What do you call a former criminal who has served their sentence and been released from prison?

I thought of “convicted criminal”, but that might imply the person is still a criminal and/or serving a sentence.

  • Does “convicted criminal” fit this definition?
  • Are there other--better--words that are more accurate?
  • Depending on the situation that there may be different reasons for someone's realease. You mention serving their sentance, but someone who's been pardoned may take offense to 'ex-con'. You can also be detained without ever being convicted if you can't post bail or bail is denied. – Joe Feb 5 '14 at 20:55
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    A rehabilitated criminal (if you truly mean "former"). – Elliott Frisch Feb 5 '14 at 21:00

There are numerous terms used in the US, including

  • ex-convict
  • ex-con
  • former convict
  • ex-felon
  • parolee
  • probationer

Several of these convey particular criteria (such as probationer).

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  • Parolee sounds pretty good. Is it considered parole when a prisoner is permanently released after serving their sentence? – crush Feb 5 '14 at 19:13
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    Actually, if the sentence is fully served, the former prisoner is not a parolee. Parole is the release of a prisoner before the full sentence is served, usually for good behavior, and parole lasts for a limited time. – bib Feb 5 '14 at 19:19
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    @crush - no, it's not. A parolee is out on parole only, and if they break the rules of their parole, they have to go back in jail. Their sentence is not fully served while on parole. – oerkelens Feb 5 '14 at 19:20
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    How about "Civilian" ? They served their time, shouldn't they be entitled to the whole 'fresh start' thing? If you're going to keep labeling them with something they've already paid the price for in full, you're not really helping them break the cycle. – Shadur Feb 6 '14 at 7:49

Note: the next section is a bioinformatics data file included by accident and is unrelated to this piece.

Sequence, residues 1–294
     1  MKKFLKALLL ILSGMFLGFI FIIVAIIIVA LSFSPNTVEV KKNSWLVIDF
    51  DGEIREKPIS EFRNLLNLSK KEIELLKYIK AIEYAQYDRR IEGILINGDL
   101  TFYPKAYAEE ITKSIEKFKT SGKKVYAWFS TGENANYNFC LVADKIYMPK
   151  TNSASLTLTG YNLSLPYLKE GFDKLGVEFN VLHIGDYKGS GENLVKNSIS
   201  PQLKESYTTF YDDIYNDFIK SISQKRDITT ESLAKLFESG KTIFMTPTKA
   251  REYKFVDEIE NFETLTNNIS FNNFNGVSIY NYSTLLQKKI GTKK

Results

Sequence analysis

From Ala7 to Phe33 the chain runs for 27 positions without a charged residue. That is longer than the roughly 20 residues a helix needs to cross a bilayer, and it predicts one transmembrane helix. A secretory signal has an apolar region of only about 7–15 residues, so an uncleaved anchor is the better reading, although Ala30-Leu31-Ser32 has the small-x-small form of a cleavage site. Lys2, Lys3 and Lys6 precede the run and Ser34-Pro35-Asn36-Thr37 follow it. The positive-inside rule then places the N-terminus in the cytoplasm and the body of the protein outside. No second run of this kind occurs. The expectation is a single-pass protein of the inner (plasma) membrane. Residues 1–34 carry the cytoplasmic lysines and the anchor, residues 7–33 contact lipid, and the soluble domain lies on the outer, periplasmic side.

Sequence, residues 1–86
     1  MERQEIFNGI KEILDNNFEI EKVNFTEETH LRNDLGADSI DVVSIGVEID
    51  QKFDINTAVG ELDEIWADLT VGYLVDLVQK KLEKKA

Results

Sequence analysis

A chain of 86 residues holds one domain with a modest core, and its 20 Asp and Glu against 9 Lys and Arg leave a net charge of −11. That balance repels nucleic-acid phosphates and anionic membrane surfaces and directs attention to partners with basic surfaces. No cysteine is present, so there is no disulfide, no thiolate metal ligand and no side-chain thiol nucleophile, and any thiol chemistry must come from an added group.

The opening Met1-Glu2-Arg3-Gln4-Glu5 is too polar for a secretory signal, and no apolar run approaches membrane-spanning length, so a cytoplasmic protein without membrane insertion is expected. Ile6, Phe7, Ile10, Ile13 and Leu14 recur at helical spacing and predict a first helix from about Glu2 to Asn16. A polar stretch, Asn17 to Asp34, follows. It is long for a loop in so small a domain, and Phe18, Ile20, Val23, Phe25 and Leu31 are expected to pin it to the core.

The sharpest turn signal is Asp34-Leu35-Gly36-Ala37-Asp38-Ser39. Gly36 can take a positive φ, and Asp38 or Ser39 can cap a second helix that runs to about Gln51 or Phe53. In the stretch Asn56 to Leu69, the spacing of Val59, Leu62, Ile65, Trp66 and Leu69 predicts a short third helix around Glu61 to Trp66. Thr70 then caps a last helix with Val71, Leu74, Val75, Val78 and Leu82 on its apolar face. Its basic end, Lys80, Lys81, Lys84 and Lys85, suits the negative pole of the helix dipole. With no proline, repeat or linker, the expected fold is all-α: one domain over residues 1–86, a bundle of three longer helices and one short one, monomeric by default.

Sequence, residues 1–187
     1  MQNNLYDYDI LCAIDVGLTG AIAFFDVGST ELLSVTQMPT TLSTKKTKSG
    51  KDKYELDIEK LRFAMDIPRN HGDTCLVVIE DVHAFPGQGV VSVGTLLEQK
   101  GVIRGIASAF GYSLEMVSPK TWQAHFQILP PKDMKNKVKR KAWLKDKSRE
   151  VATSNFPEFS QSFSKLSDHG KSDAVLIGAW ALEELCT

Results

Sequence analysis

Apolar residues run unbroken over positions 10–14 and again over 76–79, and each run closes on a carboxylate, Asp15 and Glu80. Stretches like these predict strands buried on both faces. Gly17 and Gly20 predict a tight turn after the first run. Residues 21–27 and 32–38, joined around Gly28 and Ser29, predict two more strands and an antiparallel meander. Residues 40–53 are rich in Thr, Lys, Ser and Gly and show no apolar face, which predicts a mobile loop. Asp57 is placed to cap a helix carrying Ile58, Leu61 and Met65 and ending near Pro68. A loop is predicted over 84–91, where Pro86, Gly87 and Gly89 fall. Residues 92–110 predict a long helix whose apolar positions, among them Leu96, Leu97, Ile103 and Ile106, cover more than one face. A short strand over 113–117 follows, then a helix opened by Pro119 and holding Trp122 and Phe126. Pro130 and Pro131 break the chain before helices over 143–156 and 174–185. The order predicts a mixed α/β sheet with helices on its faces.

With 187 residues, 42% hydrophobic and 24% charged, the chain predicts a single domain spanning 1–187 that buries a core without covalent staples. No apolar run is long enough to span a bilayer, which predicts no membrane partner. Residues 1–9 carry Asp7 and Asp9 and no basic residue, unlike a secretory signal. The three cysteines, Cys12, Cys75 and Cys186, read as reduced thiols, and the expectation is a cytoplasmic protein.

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    @jwenting I'd be less concerned with their constitutional right to own a gun and more with their ability to get hired in a legitimate job that'd enable them to make a living without having to fall back into bad habits... – Shadur Feb 6 '14 at 10:35

I believe the common term is ex-convict (often shortened to ex-con).

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  • An ex-convict. Have a look at this wikipedia entry:en.wikipedia.org/wiki/Convict – Louel Feb 5 '14 at 19:12
  • I had actually thought of ex-convict too, but felt that maybe it was a bit informal or slang. It seems you are right, and it is the commonly accepted term. – crush Feb 5 '14 at 19:13

Another term you could use would be "ex-offender." A friend of mine works with recently released men and this is the term he uses.

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    'Offender' and 'ex-offender' are the kinds of terms used in Britain by professionals working in the criminal justice system, magistrates, solicitors, probation-officers, social workers etc. It is also probably the term the police would use if speaking publicly. What individual police officers call convicts, whilst drinking tea in the station canteen probably doesn't bear repeating. Otherwise most of the expressions here, surprisingly, are very similar to Britain. – WS2 Feb 5 '14 at 20:40